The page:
York University has scrapped the academic title “College Master” in order to strip bias and discrimination from the official language used on campus. As of January 1st, the academic leaders of YorkU’s eight colleges will be known as “College Heads.” “We are all in agreement in enthusiastically supporting this change,” said YorkU Interim Vice-President Academic and Provost Lisa Philipps, who added that the soon-to-be college heads and faculty deans were consulted in advance. The National Post reflects on how similar changes have been recently made at Harvard University, Yale University, and Princeton University. National Post

UAlberta program seeks to help under-represented students enter health-care careers

The Peter Lougheed Leadership College at the University of Alberta has created a two-week internship program for students from groups that are under-represented in health professions. Called Venture Healthcare, the program has partnered with the college and Jill Konkin of UAlberta’s faculty of medicine and dentistry community engagement division to give students opportunities to try multiple careers through job shadowing, while providing them with potential mentors in order to encourage them to take an interest in health-care careers. “That becomes a problem because people who are from lower socioeconomic backgrounds but also vulnerable populations also tend to be over-represented in our health-care system,” said the program’s creator, Yasmin Rafiei. CBC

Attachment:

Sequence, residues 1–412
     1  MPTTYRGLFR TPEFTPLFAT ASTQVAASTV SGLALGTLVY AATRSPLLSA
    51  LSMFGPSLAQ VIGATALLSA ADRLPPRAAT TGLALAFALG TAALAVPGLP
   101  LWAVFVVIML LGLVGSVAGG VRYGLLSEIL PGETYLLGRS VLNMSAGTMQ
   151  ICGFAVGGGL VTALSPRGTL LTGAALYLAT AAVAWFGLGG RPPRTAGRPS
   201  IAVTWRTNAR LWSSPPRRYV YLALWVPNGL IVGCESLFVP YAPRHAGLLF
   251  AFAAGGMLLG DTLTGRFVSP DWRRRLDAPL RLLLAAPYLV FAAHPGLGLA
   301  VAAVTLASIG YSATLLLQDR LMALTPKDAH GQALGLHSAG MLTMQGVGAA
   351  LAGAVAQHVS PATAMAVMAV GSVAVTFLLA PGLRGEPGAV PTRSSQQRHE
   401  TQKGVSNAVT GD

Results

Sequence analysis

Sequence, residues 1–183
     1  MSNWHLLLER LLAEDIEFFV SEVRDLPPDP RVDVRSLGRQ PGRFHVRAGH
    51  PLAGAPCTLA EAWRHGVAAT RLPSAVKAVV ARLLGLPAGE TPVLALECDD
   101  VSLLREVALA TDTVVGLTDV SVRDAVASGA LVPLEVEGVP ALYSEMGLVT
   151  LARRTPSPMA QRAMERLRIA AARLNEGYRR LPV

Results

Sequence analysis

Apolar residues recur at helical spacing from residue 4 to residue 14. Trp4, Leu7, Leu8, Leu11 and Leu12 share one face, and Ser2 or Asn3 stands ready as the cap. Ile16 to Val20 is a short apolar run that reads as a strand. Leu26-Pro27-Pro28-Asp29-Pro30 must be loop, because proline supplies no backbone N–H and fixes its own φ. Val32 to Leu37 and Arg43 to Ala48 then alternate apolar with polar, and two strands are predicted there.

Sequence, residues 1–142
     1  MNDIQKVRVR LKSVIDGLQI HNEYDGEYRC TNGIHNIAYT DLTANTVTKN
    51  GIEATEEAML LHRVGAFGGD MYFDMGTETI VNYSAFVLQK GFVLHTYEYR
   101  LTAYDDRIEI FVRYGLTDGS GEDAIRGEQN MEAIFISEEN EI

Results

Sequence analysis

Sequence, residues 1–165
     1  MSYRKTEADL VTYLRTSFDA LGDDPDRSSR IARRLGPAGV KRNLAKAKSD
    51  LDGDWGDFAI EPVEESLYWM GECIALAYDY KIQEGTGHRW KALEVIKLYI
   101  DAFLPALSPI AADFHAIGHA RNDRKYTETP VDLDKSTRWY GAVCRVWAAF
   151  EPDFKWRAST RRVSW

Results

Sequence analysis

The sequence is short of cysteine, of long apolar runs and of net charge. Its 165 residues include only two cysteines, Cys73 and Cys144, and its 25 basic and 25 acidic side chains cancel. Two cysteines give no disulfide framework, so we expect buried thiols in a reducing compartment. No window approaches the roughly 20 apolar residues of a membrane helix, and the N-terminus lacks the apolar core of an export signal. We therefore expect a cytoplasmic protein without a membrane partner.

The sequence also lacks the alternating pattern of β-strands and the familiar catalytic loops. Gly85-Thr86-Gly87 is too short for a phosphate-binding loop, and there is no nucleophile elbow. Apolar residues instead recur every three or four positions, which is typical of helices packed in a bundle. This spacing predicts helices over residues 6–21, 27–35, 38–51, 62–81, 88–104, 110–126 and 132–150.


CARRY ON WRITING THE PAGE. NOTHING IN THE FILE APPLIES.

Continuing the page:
Humanities, social science PhDs working outside academe more satisfied than tenure-track peers

A new US-based study finds that humanities and social sciences PhDs working in nonprofits are more satisfied with their jobs than their peers in tenure-track faculty positions, even when the former originally intended to pursue a career in PSE. The working paper from Cornell University also found that one’s early career success does not necessarily determine later success in academic careers, as well as that children was not as detrimental to women’s tenure track success as previously believed. “These findings have the potential to help doctoral students envision and prepare for their careers, as well as to counteract perceptions held by some students that taking a non-tenure-track job or having young dependents in the household early in the career may preclude academic careers,” the study says. Inside Higher Ed

McGill researcher, UMontréal collaborate in declaration of AI ethics